To start, this is purely my experience based on trial and error. “Results May Vary,” or however the legal jargon is supposed to go to deflect responsibility for it not working, haha. 🙂
This kind of makes me sick at my stomach. Just as a study is released within the past several months indicating genetically modified soy has been linked to sterility and infant mortality in hamsters (and thus likely humans as well), DuPont has been approved by the USDA to begin production of soy with yet another genetic modification.
Seeing how inept the government is at managing, well, anything these days, you can imagine my concern for what this means when the USDA claims to have vetted genetically modified food that we all will consume at some point in the near future. Read on and be prepared …
This post will undoubtedly be met with a complete misunderstanding of what these solutions would actually do for those who cannot currently get health insurance (namely because of costs, resulting ultimately from government meddling, which has had a domino effect in the private sector). In particular, many will consider the proposal below of “[eliminating] all subsidies to the sick or unhealthy,” as a flagrant attack on the poor, sick and disenfranchised, when in reality, it will actually have the opposite effect of what might be expected. To many, such a proposal seems counter-intuitive, but the incentive created for the poor will be that costs are lowered, making it affordable for them.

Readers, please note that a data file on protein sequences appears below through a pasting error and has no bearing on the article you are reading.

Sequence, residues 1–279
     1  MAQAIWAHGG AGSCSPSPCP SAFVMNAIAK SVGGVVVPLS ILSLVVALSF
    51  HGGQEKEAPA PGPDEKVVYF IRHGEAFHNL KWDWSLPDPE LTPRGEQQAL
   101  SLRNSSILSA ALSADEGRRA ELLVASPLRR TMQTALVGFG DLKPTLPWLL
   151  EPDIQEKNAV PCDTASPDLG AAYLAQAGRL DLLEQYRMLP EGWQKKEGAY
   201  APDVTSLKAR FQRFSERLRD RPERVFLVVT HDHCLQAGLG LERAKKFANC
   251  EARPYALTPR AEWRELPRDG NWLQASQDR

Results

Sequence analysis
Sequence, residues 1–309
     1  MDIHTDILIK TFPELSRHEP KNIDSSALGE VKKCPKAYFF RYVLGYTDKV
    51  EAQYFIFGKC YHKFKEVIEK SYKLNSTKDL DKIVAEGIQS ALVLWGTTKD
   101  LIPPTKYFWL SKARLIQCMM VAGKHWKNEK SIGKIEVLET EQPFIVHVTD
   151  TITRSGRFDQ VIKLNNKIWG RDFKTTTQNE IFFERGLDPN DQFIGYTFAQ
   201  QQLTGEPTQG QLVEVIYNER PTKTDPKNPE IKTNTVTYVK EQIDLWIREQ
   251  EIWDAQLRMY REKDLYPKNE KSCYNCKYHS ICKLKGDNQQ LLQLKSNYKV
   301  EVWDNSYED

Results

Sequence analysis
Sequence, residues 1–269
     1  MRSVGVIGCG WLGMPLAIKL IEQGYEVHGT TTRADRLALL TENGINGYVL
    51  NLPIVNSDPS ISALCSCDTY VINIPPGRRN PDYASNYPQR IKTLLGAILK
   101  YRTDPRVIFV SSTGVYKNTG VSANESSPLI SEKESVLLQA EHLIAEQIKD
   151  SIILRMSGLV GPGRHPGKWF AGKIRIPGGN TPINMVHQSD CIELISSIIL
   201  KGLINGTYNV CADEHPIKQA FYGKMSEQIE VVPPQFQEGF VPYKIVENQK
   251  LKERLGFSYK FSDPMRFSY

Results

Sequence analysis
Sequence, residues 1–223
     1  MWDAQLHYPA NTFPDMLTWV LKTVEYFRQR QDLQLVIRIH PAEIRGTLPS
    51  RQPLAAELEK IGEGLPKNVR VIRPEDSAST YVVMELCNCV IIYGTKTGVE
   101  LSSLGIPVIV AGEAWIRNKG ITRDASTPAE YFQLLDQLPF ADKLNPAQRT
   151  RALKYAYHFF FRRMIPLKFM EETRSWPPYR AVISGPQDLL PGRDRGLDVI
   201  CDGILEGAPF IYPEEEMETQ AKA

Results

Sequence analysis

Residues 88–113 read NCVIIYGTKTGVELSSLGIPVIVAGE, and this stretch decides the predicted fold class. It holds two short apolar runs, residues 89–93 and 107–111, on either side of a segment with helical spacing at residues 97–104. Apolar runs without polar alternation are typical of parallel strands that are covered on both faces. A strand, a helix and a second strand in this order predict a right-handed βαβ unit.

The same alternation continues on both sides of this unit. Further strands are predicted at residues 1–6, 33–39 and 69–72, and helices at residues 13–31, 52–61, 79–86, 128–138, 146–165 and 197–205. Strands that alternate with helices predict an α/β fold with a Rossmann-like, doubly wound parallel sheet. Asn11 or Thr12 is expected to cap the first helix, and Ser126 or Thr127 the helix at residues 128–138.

I just wanted to preface the intent here, since some seem intent on framing such a proposal as “evil conservatism.” Such an assumption by some, to me at least, shows a great deal of intellectual dishonesty in not dealing with the argument proposed here. Letting the free market work, and getting the quasi-Marxism out of the mix, will have drastic effects on getting better healthcare coverage for all, including the poor and sick. If you disagree, fine. But don’t label such an idea as evil when clearly the goal is making healthcare available and more affordable for everyone.
The solution to our health care woes is not to put more regulations or government control over this sector of our economy or to provide a public option which will stifle competition and create less incentive in the market. The real solution is to free it from the bureaucratic and government constraints, getting rid of the subsidies and red tape. This will inevitably lower prices, which will create the incentive for many more people to purchase insurance at a reasonable price that cannot currently.